No Child Left Behind vs Obama

In: Social Issues

Submitted By lpercychristian
Words 1841
Pages 8
How Current Education Reform Legislation is Effecting Learning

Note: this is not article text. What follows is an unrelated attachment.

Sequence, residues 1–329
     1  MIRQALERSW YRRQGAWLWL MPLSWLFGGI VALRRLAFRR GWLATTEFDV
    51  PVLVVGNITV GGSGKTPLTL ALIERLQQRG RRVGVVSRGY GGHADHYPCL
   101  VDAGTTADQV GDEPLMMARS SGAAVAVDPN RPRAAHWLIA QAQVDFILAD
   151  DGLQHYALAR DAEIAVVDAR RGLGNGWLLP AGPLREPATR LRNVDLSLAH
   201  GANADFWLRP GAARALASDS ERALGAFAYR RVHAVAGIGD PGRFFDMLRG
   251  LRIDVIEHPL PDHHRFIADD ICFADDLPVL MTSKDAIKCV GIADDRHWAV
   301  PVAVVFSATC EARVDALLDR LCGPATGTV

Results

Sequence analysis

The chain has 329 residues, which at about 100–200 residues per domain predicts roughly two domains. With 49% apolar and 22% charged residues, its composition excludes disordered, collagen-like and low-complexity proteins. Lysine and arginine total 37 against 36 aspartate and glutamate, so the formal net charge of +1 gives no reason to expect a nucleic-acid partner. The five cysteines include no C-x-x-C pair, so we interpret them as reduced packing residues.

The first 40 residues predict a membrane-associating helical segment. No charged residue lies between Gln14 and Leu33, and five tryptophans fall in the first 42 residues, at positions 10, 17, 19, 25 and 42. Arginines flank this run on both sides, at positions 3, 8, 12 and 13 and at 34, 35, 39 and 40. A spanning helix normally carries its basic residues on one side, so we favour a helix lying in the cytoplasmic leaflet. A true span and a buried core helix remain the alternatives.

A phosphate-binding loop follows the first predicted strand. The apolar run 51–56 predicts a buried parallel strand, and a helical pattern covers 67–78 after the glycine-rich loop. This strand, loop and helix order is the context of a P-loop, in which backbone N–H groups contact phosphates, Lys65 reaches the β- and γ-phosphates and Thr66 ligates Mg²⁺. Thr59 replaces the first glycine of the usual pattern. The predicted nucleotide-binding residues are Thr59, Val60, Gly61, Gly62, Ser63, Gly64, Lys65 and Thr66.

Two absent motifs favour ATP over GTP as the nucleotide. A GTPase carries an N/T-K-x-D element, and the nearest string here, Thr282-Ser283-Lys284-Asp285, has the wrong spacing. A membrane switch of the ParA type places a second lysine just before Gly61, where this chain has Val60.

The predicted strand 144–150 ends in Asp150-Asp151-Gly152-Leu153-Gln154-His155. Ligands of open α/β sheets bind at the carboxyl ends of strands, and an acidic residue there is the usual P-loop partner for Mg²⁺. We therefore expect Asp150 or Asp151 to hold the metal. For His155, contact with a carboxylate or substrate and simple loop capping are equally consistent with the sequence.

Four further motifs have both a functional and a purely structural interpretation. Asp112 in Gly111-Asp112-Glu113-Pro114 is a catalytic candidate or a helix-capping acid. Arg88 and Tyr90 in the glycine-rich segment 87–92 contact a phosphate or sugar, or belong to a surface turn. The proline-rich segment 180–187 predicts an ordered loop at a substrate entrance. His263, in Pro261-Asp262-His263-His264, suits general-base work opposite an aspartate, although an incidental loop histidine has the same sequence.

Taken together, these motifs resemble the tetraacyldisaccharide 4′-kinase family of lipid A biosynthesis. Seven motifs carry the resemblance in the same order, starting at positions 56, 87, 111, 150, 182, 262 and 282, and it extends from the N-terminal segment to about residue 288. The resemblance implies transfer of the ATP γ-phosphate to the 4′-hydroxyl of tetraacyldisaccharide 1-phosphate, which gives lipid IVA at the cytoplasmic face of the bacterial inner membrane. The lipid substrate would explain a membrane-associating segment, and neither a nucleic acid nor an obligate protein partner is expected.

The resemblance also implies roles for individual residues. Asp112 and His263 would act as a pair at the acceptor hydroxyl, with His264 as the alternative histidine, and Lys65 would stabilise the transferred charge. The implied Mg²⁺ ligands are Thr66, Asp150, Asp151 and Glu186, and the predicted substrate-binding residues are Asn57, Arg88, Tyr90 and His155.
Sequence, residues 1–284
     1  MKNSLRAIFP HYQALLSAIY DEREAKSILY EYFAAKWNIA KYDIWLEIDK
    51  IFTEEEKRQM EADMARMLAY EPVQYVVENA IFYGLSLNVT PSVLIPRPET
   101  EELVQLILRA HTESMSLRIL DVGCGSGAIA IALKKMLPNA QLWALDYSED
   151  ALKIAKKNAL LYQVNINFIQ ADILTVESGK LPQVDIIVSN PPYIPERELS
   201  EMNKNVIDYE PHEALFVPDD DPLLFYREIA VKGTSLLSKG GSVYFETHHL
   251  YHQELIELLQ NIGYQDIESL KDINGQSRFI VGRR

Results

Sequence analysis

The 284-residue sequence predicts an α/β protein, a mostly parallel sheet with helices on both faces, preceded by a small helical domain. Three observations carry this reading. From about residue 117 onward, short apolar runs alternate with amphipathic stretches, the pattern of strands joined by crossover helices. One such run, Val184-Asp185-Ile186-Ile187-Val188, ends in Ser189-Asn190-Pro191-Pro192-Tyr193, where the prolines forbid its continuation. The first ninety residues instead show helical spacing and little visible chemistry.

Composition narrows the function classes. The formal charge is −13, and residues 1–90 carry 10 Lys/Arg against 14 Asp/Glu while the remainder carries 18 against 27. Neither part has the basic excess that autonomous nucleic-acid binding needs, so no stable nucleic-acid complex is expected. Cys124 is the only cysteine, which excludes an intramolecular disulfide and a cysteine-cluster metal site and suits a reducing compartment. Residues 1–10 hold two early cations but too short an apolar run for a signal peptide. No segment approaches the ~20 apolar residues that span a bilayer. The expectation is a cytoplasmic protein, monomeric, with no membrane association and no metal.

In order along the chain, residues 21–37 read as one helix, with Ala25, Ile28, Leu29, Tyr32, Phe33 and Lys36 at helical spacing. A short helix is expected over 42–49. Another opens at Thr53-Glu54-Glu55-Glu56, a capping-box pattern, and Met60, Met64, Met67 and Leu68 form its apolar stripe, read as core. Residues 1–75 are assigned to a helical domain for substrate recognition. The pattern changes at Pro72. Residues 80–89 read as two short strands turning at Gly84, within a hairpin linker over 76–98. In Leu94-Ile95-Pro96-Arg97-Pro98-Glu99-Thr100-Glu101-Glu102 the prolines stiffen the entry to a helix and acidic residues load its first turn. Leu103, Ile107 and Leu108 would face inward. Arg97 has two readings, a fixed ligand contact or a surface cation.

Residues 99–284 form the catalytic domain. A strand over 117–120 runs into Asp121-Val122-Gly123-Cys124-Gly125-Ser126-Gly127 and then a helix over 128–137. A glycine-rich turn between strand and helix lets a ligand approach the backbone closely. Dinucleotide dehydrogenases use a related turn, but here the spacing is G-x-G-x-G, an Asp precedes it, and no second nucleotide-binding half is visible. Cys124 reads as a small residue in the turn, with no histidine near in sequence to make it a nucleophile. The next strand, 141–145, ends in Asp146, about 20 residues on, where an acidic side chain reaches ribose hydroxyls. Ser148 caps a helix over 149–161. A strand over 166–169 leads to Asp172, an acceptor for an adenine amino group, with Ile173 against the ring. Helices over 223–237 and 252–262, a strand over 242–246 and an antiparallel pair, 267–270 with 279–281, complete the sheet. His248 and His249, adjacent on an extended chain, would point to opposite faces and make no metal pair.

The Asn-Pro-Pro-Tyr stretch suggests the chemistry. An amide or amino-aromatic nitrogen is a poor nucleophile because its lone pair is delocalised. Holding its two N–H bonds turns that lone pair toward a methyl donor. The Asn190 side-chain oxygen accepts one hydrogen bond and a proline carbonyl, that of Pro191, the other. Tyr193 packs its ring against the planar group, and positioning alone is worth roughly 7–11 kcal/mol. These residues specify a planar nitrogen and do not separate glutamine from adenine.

In recent years, education – specifically the quality of public education – has been a hot topic of discussion for both Republicans (George W. Bush) and Democrats (Barrack Obama). American society has changed drastically during the past decade or so in terms of the way it approaches public education, partially due to legislation by the national government, partially due to legislation written by the state governments and partially because American culture is different than it once was. America now finds itself at a crucial point in history, where something must be done in these hard economic times to combat low quality, inner city education while at the same time maintaining the high quality of much suburban education. Americans are asking themselves, “What is the government doing to change our schooling system to make it better?” The response is a long and complex one, though there is still no answer, as our schools are constantly changing and growing in many different ways. First, there was President Bush’s “No Child Left Behind Act” and now President Obama’s “Race To The Top.” Both of these government reforms have had a large impact on education and American society as a whole. To have a good understanding of the current legislation regarding education reform, one must first understand the legislation before it: The No Child Left Behind Act. The No Child Left Behind Act (NCLBA) was instituted during the presidency of George W. Bush, of which he stated that his focus would be on “making sure every child is educated” and that “no child will be left behind – not one single child” (Ravitch). This policy had four main principles that were outlined in the legislation. The first principle was that every child would be tested every year, grades three through eight, via state tests. The…...

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